Saturday, February 9, 2013

Don't teach 'em to say cheese

Kid pictures are best if the child isn't looking at the camera and sporting one of those awful say-cheese smiles.

Get down on their level and watch for an action moment. If you have trained your children to ignore the camera, you can get in close with a wide angle and capture an intimate moment unmarred by an eyes-toward-the-camera stare complete with a foolish say-cheese grin.

Fiona had been having a ride in her sled when she realized she should share the fun. She loaded her teddy bears in the sled, grabbed the rope and trudged through the deep snow with teddys in tow. This was the picture. This is the memory moment. Keep its uniqueness intact by not injecting yourself into the moment.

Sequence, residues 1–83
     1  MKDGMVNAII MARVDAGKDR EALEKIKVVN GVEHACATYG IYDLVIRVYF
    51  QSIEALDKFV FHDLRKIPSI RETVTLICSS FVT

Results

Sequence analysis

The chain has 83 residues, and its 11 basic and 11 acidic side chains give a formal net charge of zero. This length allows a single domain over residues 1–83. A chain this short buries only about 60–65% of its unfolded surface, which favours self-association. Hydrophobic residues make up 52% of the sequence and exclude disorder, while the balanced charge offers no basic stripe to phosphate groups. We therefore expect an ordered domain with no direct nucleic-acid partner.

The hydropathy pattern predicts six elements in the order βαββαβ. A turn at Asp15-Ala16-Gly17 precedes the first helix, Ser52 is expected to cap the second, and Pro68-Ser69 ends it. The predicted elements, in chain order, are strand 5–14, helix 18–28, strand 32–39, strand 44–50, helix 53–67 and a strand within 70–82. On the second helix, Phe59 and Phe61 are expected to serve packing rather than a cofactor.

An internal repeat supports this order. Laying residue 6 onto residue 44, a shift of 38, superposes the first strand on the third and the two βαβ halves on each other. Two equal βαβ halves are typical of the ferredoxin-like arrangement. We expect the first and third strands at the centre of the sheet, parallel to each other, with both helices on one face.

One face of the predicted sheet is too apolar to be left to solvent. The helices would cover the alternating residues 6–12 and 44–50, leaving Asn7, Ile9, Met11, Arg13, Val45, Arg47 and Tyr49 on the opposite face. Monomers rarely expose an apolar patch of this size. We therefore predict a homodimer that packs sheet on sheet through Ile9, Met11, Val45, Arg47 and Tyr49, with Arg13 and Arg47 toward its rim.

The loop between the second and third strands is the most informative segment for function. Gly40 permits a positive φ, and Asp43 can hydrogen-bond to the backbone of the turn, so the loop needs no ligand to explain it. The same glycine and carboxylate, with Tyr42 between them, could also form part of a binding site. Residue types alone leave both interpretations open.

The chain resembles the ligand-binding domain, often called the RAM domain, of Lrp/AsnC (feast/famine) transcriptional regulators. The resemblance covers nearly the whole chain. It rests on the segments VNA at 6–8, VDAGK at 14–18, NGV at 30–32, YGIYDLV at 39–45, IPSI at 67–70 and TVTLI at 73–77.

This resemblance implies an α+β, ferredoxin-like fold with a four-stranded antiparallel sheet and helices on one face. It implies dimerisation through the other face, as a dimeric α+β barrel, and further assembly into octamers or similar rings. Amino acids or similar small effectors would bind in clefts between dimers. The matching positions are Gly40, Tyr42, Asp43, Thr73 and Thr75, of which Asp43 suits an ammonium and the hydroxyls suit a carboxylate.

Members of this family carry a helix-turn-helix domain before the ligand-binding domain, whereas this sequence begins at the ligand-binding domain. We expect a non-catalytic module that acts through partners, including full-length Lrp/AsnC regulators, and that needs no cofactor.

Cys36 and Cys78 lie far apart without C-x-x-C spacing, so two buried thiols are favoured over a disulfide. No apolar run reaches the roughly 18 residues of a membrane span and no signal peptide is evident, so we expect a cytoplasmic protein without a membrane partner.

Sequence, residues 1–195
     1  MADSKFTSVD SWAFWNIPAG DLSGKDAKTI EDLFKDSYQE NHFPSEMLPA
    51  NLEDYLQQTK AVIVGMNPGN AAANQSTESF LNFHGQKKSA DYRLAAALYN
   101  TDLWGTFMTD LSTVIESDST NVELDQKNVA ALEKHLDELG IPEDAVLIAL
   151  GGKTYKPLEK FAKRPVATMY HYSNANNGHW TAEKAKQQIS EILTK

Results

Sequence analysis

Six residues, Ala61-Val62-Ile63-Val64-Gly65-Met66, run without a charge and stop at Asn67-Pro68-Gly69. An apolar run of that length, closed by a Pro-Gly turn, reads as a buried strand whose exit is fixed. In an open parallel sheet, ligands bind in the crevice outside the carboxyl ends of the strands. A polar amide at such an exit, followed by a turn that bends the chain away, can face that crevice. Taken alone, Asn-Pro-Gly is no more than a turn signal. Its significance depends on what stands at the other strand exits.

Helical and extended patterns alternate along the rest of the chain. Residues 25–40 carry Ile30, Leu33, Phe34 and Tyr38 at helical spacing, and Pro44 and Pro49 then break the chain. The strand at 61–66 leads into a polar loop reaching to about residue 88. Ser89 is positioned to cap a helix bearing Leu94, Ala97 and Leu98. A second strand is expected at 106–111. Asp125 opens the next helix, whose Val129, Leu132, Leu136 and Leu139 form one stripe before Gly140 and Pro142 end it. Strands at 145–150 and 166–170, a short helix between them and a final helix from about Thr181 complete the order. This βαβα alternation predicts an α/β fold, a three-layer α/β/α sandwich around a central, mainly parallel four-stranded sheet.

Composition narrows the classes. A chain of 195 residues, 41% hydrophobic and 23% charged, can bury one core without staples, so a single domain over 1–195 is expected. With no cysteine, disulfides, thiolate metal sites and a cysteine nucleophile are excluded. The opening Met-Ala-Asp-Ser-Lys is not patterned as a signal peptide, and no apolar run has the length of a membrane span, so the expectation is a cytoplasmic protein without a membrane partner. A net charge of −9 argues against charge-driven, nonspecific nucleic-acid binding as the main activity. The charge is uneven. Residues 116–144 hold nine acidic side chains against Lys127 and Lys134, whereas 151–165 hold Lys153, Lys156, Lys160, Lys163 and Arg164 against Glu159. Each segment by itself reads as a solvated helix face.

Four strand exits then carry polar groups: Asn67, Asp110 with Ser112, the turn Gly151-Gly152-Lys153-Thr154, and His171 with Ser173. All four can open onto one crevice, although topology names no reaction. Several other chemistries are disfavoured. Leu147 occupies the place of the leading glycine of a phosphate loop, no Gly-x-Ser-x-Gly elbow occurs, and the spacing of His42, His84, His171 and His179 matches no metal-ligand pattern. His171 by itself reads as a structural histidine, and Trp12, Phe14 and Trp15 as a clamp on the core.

I shot this with a Canon S90 set to 28mm and fully automatic. I could have brightened the image a little more in Photoshop, see below, but I hate reopening images that I have enhanced and saved. Each time that you open 'em, change 'em and save 'em, you degrade 'em. That's the rule.

If you may reopen an enhanced image later and modify it, save it as a TIFF or another file format that does not cause image degradation with multiple openings followed by changes before saving again.

What magic did I perform in Photoshop to brighten my first image? I moved the white endpoint in Levels taking care not to lose too many highlight tones. Using Levels makes this easy. Just note the tonal graph and don't cut out too deeply or eliminate too many. Then in Curves bend the tonal curve by grabbing it near the highlight end and giving it a smooth curve along its entire length. I prefer a smooth curve. I find it makes the tonal change appear natural and not forced over what we used to call at work "over worked."

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